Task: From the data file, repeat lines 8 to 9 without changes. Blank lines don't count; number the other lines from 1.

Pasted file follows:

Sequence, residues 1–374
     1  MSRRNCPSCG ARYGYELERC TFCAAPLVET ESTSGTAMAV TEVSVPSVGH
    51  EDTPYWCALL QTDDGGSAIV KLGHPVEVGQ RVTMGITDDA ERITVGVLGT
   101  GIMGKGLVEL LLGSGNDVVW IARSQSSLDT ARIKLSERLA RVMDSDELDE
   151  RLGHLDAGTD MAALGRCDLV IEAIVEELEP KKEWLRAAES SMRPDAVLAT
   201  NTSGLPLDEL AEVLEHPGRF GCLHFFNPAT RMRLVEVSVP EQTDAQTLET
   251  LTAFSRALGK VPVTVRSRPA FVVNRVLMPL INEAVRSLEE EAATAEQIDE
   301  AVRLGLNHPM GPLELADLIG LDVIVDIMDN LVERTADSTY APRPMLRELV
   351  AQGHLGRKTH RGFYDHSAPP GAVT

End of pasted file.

   301  AVRLGLNHPM GPLELADLIG LDVIVDIMDN LVERTADSTY APRPMLRELV
   351  AQGHLGRKTH RGFYDHSAPP GAVT